The Backspace Project: Creating Equity Over Access|
[ No. 34 - August 1999 ]
"If you don't like the news, go out and make some of your own."
- Scoop Nisker
In our travels we've seen a lot of web-based organizations
gorged on hype. There's money to be made and most everybody
in the Internet business community will do anything to make
it. But what about the community of artists? What about the
actual creative connections the Internet can provide? The old
story of the lowly musician, writing alone at home...how can
she use the Internet to raise herself up to some kind of
visibility or, at least, meet like-minded players?
We've all seen the big portals, search engines and retail sites.
We've seen guys in sport jackets with no musical experience
posture themselves as online messiahs to the largely ignored
independent musician. We've seen hacks-who-would-be-CEOs with
fire in their eyes hot on the spoor of an IPO. But who is
actually creating emotionally and artistically equitable
community (besides your faithful FezGuys)?
Meet James Stevens, proprietor of the Backspace Project in
London, an online access and arts community that exists for no
other reason than to be a community. A combination of the
physical and virtual worlds where artists of all shades can
meet, commune, observe, collaborate, and express themselves.
Created out of shoestring and salvage, the Backspace Project
has become a vital, viable community that isn't interested in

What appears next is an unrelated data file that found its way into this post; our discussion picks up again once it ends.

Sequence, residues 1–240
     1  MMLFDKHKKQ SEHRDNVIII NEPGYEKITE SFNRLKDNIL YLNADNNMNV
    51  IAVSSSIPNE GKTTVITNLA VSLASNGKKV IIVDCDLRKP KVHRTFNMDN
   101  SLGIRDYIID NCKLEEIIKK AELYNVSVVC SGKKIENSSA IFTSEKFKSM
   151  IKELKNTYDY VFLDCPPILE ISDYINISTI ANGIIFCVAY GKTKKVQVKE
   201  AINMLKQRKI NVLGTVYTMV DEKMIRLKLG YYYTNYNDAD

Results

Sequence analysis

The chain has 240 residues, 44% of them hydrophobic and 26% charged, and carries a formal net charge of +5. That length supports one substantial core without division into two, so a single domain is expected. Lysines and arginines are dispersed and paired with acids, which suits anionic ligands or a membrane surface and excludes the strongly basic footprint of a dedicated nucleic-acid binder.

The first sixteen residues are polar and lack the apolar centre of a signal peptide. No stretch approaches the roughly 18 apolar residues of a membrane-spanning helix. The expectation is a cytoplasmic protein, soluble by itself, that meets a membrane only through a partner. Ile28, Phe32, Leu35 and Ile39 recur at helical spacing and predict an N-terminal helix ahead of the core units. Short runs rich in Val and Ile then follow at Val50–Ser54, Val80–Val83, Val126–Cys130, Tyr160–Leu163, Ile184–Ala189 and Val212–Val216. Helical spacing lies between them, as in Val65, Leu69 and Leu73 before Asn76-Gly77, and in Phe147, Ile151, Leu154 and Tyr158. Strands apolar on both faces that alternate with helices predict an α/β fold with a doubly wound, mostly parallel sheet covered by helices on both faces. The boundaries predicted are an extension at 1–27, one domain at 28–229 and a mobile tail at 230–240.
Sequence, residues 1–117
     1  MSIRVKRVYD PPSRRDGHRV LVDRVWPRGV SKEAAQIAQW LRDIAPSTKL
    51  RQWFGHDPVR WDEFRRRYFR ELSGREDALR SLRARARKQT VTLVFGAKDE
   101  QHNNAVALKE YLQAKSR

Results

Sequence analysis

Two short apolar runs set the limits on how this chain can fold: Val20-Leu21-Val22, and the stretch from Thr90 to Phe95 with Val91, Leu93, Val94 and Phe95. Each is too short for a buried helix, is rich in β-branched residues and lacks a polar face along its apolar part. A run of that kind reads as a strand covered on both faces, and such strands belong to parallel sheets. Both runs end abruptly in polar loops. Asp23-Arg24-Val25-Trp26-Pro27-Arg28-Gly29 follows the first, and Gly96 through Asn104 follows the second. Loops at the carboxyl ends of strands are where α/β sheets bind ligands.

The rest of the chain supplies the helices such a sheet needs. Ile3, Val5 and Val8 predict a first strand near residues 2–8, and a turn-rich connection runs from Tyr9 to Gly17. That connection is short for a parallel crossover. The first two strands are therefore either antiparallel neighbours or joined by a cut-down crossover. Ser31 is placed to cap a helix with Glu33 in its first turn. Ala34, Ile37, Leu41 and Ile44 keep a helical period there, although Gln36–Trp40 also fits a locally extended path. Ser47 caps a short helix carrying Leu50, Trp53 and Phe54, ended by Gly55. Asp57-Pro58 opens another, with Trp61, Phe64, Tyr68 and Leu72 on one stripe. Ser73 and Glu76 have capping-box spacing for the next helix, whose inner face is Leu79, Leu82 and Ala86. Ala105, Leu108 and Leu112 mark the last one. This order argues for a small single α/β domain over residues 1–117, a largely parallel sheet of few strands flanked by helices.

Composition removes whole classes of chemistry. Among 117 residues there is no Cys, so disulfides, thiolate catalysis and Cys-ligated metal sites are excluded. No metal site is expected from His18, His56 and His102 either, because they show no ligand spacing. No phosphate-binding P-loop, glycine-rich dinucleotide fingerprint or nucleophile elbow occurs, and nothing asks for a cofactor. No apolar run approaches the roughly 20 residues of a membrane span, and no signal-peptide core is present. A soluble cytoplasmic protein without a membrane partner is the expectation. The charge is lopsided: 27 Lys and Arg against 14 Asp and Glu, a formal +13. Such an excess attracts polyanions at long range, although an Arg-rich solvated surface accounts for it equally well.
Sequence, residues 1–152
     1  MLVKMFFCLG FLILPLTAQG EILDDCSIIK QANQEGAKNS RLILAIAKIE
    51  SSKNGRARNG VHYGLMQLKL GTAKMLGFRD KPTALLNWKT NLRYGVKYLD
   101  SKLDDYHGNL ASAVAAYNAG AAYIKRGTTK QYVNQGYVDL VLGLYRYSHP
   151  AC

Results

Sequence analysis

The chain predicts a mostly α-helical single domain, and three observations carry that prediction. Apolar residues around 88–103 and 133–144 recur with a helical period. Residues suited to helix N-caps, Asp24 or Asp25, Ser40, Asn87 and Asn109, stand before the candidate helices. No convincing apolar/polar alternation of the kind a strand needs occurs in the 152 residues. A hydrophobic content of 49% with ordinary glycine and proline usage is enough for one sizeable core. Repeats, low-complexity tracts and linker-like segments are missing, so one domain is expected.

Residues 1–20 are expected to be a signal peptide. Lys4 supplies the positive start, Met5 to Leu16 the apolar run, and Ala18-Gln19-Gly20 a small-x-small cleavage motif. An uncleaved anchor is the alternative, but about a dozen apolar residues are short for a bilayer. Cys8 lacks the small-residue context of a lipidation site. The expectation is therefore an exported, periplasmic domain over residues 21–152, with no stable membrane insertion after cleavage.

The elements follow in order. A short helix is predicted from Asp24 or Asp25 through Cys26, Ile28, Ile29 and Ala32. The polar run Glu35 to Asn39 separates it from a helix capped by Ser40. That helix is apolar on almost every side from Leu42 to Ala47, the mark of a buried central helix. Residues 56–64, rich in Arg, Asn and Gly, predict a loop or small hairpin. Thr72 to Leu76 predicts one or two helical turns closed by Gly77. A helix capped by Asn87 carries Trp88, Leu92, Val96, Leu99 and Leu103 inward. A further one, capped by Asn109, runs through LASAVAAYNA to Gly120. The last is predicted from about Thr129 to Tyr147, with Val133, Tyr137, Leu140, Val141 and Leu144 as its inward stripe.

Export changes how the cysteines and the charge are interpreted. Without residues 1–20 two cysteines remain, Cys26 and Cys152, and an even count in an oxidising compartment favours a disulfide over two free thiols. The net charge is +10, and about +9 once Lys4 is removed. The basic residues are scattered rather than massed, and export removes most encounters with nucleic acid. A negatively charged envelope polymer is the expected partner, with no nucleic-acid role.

finding The Gimmick that will provide a Quick Cashout in
We catch up to Mr. Stevens between interviews with the BBC and
various European periodicals. He descibes the Backspace Project
and his hopes for success based solely on its own resources.
Peppering his conversation with ear-catching words and phrases
like "slacktivist" and "non-hierarchical representation of the
collective state of mind" he expresses visionary dreams about
a self-perpetuating community based on the fertile ground of
imagination. A place where creative work can "sidestep commercial
and cultural co-option, and the interruption of corporate
All this might sound like a tryptifunk groove looped out of
rehashed political samples from the Marxist utopia at the
beginning of the Twentieth century. But Mr. Stevens displays
a remarkable ability to cull raw materials, power, connectivity,
hardware and even rent out of thin air, intelligently delegating
responsibility for aggregating these resources. He then stands
back, to let the thing succeed or fail on its own terms.
Online and off, Mr. Stevens describes the three year old
Backspace Project as an "under the counterculture" experimentation
with media, tech and "the bits in-between." For £25 (about
$37.00US) per month, as the introductory blurb states, a
Backspace subscriber gets: "activities and interests of
subscribers and friends promoting access, learning, discussion
and development. Subscribers gain a full Internet access
dial-up account, quality access to the Web, an email account
and an open invitation to drop in any time for as long as you
like, come down to events, meet up with friends or just chill
out by the riverside." Mr. Stevens points out that, while there
are many "virtual community" projects available, there are few
that operate in a physical space as well. He observes: "A
physical space means that computers, audio and video libraries,
editing equipment, video projectors, etc...can be brought
together to use." Assembling the nuts and bolts to roll a
going concern requires a lot of legwork. Backspace is funded
entirely by the subscriptions of its users, with a little help
from some synchronous relationships. Situated in a 200 year-old
wharf building on the Thames just west of London bridge,
Backspace thrives in the fragile web of these interdependent
relationships. Web serving is hosted free by
(an originally grassroots, now big time, ISP in Germany that
still appreciates the little guy). 512 kbps connectivity (about
a third of a T1 or quadruple ISDN) is handled by others in the